mmonhomeThe trial court then granted the homeowners’ motion for final summary judgment, finding that they fully complied with the association’s demand to pressure clean the exterior of their home.  In its filing in opposition to the summary judgment, the association emphasized the deposition testimony of the Avivs in which they acknowledged that after the pressure cleaning some “stains” remained.  The association argued that “the relief sought by way of injunction in this case has not been obtained since the marks and/or the stains remained after the filing of the complaint and/or continue to exist.”

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Maintaining the common elements and areas is one of the primary functions and responsibilities of community associations.  Last year’s ruling by the Seventh Judicial Circuit Court’s Appellate Division illustrates the potential consequences that may arise in the event an association does not adequately address complaints by unit owners regarding nuisances resulting from the improper maintenance of the common elements.

In the case of Harbor View Daytona Condominium Association v. Katherine Strachan and John F. Strachan, the Strachans had complained to the association for several years of drainage back-flow plumbing problems causing black, soapy water to back up into the toilets, showers and sinks of their first-floor unit.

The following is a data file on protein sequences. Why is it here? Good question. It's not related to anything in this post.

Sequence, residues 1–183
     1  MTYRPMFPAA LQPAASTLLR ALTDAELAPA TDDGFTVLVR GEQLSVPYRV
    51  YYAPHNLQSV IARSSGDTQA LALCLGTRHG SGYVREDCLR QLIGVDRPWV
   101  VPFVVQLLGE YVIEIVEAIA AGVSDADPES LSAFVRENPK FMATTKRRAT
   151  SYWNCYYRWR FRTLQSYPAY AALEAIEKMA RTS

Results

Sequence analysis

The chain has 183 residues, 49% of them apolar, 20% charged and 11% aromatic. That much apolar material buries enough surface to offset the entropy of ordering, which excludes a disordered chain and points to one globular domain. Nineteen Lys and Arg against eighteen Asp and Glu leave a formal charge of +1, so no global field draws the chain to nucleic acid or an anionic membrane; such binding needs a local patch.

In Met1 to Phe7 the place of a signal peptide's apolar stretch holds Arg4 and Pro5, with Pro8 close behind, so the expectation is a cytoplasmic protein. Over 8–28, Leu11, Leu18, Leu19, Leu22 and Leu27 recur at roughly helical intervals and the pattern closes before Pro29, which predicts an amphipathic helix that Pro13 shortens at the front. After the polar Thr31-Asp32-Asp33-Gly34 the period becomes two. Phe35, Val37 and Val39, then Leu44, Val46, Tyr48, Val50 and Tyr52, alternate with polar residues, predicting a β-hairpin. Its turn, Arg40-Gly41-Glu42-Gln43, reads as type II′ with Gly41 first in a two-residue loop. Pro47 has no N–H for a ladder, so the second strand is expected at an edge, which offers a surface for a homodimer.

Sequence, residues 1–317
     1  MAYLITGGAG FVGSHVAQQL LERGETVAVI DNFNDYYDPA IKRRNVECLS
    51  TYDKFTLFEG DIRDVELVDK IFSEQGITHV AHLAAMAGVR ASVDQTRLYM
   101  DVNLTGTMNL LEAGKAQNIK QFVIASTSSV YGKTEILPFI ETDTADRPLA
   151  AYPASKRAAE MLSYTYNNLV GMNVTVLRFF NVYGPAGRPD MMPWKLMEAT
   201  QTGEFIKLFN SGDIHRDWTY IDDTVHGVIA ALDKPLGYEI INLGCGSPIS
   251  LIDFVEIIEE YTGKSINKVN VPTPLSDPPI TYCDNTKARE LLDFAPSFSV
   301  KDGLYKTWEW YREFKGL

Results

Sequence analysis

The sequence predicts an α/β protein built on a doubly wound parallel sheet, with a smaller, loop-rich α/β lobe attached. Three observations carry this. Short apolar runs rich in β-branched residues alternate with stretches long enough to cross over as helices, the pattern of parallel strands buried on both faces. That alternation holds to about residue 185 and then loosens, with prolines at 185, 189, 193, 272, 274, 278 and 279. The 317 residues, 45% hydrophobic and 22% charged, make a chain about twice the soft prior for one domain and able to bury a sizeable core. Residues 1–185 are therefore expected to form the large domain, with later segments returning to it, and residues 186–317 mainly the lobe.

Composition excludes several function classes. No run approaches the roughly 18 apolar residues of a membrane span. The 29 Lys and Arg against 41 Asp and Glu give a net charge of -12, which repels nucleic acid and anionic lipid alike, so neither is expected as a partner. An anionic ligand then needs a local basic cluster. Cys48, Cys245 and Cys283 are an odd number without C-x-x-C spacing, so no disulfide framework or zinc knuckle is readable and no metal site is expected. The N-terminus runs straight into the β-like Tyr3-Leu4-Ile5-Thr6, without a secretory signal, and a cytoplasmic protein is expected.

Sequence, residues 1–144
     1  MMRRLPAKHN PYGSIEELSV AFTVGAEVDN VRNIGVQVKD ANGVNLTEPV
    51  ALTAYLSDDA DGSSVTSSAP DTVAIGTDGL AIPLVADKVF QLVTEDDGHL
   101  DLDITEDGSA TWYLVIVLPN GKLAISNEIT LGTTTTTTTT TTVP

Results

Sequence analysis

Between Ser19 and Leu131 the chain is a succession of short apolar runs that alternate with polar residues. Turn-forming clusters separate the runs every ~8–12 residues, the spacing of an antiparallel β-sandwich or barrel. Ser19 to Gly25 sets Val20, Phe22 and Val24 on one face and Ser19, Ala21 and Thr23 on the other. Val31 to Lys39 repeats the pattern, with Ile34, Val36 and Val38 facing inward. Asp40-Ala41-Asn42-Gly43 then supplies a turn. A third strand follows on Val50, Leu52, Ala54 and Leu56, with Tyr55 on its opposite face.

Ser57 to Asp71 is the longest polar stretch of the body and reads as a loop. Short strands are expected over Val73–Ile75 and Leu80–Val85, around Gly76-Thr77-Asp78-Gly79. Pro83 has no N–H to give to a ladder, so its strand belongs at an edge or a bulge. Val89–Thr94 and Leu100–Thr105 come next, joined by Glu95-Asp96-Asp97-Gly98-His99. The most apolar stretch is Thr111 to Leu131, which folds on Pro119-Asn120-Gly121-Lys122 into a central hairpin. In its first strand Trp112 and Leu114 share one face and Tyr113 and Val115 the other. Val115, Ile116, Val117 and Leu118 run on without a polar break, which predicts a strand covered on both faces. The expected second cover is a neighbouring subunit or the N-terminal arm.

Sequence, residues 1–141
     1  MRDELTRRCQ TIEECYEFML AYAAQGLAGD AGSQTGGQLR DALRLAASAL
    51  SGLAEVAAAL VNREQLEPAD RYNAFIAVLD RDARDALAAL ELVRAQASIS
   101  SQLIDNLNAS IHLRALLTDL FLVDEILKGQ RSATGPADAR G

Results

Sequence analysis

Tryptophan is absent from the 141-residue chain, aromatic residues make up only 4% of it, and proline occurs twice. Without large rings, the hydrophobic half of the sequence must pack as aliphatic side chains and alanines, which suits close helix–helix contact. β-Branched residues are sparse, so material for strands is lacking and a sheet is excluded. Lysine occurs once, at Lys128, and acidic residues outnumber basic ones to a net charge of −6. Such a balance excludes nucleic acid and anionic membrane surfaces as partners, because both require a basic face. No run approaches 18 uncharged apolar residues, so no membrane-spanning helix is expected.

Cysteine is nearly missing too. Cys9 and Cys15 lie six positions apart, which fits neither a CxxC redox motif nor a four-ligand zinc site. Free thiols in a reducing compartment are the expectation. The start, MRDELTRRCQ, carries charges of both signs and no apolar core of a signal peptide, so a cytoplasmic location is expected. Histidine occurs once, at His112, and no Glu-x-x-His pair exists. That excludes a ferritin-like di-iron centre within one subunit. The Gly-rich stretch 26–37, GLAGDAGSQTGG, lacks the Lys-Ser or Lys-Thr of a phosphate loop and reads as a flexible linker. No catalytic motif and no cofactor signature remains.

One of the plumbers who performed work at the condominium building during its original construction testified in depositions that when Harbor View converted from rental apartments to a condominium, washing machines were added to the individual units.  While most of these washing machines connect to a drainpipe dedicated exclusively to them, the washing machines on the eighth floor penthouse level drain into pipes to which kitchen sinks from lower units are also connected.

Harbor View Condominium

In this particular case, the washing machine from unit 808 is the only one that drains into the kitchen sink line that serves the Strachans’ unit.  According to the plumber’s testimony, Harbor View’s plumbing system was not designed to accommodate new high-efficiency washing machines that discharge water at a higher rate of speed than older machines, and in his opinion, unit 808’s high-efficiency washing machine is causing the plumbing problem.